Hart's conman, at the end of The Wedding Ringer, learns all the usual lessons. Friendship matters. Honesty matters. That he should open up to that nice girl who sees through his ruses. But Hart the actor, who always seems twice as smart as anyone else on the screen with him, actually sells all this, makes us feel the truths beneath the clichés. He never undercuts the material or suggests he knows it's hokey. More important, he makes all this funny—the imp of the first reels doesn't seem housebroken by the rediscovery of his decency in the last ones.

The Wedding Ringer is a farce, predicated on his character's dazzling deceptions, but Hart's performance at the climax, when those lies collapse, corresponds to everything that audiences loved at the start, as he first spun them. There's that same put-on cocksureness, the linguistic fireworks, the fast talk he hides behind like the fleshy necks those lizards flare up to confound predators, the sense that his character, however collected, is always just barely swallowing back the impulse to shout “Tittays!” Hart's conman's heart gets laid bare, and Hart gets funnier.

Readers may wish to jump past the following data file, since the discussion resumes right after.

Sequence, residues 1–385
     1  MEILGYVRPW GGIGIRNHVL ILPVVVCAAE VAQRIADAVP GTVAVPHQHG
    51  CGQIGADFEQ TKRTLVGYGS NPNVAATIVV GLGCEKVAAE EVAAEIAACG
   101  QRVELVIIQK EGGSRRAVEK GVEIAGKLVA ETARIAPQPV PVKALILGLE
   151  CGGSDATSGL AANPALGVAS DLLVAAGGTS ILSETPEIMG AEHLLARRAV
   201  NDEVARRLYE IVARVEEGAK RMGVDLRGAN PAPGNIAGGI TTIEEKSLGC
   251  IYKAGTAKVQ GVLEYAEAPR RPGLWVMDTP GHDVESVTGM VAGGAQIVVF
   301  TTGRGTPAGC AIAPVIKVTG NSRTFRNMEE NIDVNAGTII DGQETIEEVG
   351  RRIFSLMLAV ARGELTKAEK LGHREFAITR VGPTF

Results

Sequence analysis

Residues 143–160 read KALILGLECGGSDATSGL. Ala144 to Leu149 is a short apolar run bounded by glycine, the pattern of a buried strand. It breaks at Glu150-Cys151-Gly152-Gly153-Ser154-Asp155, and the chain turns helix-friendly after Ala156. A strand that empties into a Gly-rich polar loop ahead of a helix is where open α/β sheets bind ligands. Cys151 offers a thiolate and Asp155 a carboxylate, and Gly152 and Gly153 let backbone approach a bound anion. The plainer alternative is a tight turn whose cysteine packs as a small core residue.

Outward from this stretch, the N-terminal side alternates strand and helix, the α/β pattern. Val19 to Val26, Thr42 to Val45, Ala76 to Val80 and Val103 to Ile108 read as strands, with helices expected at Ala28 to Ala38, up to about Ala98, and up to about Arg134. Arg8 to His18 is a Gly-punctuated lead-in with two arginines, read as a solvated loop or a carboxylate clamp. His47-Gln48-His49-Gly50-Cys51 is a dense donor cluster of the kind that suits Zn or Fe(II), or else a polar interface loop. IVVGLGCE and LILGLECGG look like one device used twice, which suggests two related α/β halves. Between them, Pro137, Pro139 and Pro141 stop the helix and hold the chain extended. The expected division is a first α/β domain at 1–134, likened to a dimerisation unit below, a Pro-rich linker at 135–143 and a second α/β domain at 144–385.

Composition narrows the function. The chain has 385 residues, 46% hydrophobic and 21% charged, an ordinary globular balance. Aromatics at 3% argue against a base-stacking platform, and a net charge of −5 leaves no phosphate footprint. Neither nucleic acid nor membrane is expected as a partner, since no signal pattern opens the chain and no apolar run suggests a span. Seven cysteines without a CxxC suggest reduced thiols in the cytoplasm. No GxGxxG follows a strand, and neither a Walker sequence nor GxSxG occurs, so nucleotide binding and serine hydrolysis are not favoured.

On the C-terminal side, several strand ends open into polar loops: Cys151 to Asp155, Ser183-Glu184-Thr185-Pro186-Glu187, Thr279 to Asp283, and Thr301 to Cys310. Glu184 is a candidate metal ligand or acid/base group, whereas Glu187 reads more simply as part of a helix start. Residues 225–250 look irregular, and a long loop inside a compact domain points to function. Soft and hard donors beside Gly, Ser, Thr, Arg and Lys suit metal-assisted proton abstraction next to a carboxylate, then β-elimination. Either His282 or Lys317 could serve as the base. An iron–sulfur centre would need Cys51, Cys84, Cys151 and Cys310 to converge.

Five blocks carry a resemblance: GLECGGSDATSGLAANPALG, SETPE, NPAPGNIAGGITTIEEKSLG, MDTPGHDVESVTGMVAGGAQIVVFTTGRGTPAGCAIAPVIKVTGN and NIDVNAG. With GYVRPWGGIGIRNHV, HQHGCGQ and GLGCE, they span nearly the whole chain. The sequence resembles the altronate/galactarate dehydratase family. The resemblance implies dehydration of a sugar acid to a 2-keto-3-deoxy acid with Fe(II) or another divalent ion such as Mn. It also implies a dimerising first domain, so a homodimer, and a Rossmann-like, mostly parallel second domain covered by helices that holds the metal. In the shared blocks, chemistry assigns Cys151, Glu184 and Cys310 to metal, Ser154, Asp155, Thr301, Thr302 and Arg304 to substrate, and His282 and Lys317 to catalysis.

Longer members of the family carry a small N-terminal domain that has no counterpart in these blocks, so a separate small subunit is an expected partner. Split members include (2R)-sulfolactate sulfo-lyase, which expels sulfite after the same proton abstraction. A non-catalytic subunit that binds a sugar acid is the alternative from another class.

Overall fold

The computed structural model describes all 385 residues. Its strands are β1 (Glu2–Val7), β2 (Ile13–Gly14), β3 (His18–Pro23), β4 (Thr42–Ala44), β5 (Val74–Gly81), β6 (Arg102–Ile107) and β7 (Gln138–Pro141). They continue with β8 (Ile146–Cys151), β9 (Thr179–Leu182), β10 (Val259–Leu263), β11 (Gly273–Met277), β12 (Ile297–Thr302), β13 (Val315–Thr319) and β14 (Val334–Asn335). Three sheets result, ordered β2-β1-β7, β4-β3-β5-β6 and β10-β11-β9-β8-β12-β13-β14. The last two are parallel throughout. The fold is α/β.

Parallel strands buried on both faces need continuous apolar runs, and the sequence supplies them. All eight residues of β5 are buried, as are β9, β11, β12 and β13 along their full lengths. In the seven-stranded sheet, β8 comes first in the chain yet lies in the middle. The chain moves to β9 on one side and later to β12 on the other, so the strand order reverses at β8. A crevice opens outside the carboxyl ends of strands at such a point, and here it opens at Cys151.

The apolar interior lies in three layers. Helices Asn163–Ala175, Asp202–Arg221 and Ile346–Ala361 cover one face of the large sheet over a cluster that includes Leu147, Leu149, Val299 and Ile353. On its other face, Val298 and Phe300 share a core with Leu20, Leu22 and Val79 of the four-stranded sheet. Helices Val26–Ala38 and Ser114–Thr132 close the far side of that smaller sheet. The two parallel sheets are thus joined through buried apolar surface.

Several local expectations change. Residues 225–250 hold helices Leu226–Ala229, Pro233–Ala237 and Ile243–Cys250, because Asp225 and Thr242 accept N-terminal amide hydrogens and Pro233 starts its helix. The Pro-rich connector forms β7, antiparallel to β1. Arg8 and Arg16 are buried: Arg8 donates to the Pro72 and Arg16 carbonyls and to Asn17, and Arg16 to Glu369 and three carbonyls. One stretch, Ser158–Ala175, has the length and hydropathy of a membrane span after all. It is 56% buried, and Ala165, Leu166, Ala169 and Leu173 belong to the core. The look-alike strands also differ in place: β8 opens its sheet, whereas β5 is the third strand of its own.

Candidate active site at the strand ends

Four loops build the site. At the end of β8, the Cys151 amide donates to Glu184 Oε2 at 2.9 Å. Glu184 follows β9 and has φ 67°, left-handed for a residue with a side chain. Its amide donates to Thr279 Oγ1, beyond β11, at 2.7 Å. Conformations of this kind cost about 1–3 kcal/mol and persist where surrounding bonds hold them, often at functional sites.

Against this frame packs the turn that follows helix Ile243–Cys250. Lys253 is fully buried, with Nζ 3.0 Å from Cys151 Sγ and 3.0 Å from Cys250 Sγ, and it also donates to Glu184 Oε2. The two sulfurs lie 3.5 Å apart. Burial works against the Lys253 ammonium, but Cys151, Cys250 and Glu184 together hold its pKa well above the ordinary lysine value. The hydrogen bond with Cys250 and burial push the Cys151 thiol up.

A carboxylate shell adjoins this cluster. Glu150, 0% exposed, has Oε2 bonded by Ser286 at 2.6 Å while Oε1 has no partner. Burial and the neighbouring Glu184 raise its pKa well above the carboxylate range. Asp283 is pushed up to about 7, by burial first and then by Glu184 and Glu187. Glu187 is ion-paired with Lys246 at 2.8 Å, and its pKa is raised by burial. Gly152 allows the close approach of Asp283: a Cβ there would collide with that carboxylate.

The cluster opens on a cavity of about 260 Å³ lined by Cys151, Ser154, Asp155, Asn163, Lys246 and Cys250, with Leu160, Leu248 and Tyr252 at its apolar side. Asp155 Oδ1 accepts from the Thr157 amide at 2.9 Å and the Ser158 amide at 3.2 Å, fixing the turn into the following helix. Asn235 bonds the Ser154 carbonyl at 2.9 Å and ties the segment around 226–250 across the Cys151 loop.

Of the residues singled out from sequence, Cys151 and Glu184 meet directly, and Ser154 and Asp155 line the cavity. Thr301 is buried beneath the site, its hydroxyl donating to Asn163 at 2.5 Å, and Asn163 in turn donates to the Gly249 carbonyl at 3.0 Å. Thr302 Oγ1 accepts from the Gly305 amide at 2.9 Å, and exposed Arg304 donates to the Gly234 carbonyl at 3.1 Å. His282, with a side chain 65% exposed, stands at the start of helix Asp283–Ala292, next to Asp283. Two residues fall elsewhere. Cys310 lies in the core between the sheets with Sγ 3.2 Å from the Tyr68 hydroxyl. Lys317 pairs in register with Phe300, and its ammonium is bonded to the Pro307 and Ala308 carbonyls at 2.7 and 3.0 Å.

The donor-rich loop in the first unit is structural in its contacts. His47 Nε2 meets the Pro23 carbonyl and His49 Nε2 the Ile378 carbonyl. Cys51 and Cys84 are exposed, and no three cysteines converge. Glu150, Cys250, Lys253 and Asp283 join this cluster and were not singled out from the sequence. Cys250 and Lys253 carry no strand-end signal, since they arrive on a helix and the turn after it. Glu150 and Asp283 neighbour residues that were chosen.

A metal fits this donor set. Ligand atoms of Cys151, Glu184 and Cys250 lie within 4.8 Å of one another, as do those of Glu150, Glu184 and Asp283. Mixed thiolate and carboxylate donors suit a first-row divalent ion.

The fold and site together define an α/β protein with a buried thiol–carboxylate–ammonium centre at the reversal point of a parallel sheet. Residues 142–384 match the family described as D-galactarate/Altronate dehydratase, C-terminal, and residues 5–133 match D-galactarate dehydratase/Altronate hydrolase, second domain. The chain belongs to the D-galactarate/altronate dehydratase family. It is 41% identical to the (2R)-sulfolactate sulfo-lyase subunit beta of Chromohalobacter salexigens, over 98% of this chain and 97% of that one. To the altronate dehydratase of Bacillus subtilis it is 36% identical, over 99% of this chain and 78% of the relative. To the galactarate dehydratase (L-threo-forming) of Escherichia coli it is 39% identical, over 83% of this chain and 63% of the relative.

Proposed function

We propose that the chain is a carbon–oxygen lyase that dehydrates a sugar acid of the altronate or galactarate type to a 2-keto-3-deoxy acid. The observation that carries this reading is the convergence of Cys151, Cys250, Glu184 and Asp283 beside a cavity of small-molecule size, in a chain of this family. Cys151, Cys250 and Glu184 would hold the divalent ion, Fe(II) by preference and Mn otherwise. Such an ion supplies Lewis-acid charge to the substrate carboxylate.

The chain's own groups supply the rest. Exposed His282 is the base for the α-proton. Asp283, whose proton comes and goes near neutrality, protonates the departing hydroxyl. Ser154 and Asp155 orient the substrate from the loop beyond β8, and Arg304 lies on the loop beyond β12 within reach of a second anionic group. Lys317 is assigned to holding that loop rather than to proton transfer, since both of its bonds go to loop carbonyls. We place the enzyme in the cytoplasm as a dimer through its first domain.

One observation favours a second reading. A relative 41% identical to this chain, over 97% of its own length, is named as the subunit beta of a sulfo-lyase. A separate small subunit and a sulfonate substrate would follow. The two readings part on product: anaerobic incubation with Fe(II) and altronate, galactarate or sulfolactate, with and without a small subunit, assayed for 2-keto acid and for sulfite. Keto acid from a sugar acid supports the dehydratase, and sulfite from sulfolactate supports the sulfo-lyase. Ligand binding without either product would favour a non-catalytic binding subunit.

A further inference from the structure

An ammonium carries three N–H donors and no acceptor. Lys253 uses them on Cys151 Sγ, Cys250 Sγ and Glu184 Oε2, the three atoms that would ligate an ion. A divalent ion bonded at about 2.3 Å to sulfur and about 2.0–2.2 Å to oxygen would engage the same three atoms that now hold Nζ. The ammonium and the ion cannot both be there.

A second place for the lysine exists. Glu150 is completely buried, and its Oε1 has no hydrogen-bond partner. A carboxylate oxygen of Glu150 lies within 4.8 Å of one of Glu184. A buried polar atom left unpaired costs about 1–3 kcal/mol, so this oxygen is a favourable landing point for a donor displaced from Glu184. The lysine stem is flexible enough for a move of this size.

The movie itself's not masterful. In the first scenes, the rhythm of Hart's ravings seems dictated by quick cuts rather than the comic's timing. Also disappointing: The filthiest set piece, involving a dog licking peanut butter off a penis, is too filthy for the R rating, so the film haplessly suggests the act and its vague complications, leaving us to guess at what's happening as the scene descends into something like shock horror. But Hart's great, and the premise is he best for a crowd-pleasing comedy since The To-Do List. Hart plays Jimmy Callahan, whose cynical hustle makes the best possible use of the star's charisma: Jimmy rents himself out as a best man for grooms who can't find one, offering a glittering toast, a brilliant charm offensive, and—this goes unstated in the film—the chance for well-heeled white guys to be honored in public by the coolest of black BFFs.